Did my shyness go away?

Not really. I still struggle when I meet new people, especially since I’ve stopped easing the way with alcohol, but it’s no longer agony.

Maybe character is destiny, but it can’t be reduced to one weakness—or one strength. It’s an interplay of the many attributes that make up who we are. And I’m convinced that we have some control over which of them prevails.

college graduation, college student

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Here We Go Again

My Face in the Mirror

Exam week looms. I have more than sixty research essays to read and mark. They must be finished in time to return at final exams. Grading research essays requires additional work because I require photocopies or printouts of written sources, and I check to make sure students are citing correctly. The workload is daunting enough that I thought about skipping this week’s post, but then something happened.

The second essay I read contained plagiarism. This was not a case of the writer forgetting to put quotation marks around language taken from somewhere else. The plagiarized sources were not on her works cited page, nor would they have any place there. Both came from Web sites that sell essays to students. Typically, samples of the proffered essays are shown. My student copied and pasted two of these samples, one for her introduction and one for her conclusion.

Other instructors will understand how I recognized the plagiarism. Every writer has a voice. Part of it consists of the writer’s facility with language, vocabulary, and sentence construction. When a marginal student suddenly uses polysyllabic words, creates complex sentences, and strings together three or four cogent thoughts, I get suspicious.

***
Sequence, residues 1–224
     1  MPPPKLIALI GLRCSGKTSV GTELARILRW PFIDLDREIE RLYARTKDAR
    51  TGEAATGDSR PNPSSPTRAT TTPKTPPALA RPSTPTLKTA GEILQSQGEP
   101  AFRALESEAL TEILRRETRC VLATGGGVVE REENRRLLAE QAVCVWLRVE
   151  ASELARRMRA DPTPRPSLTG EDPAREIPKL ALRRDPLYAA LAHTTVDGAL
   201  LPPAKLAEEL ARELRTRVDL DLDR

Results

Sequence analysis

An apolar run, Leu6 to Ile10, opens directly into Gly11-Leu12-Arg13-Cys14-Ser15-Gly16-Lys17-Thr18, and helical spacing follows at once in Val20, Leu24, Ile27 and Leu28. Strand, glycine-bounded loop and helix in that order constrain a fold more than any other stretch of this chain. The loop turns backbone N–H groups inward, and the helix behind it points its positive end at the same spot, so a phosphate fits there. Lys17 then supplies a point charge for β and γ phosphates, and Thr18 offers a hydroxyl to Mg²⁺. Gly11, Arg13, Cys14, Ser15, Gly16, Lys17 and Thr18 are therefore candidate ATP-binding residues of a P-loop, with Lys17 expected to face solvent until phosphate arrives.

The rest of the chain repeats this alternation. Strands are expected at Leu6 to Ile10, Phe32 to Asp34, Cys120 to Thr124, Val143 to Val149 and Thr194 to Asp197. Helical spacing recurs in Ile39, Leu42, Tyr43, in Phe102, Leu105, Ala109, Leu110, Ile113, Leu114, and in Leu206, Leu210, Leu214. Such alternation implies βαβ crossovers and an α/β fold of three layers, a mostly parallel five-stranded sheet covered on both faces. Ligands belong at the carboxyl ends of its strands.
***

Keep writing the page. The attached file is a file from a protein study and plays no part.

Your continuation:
My student received a zero on the research essay, which counts for twenty percent of her total grade. As a result, it has become impossible for her to pass English 1002. It will cost her considerable time and money to retake the course. No doubt some people think I’m being harsh. Only two passages, after all. Only fifteen percent of the essay. But students take the risk of plagiarizing because they count on leniency if they happen to be caught. Many of us exceed the speed limit on the highway figuring the cop will let us go with a warning, and even if we get a ticket, paying it isn’t a crushing financial hardship. I sometimes drive too fast. I’ll no doubt complain when the cop pulls me over, but I’ll deserve the ticket.

As seasoned criminals put it: If you can’t do the time, don’t do the crime.

In this situation I become the cop. I dislike the role – I’m a writer, damn it – but since I have to play the cop, I get to make the call about whether to issue a warning or impose a penalty. A zero for the assignment is actually the mildest penalty and the one I typically impose the first time someone plagiarizes. This student deserves it for stealing other people’s writing – even if it is for sale and therefore an invitation to plagiarism.

Photo by Cheryl Casey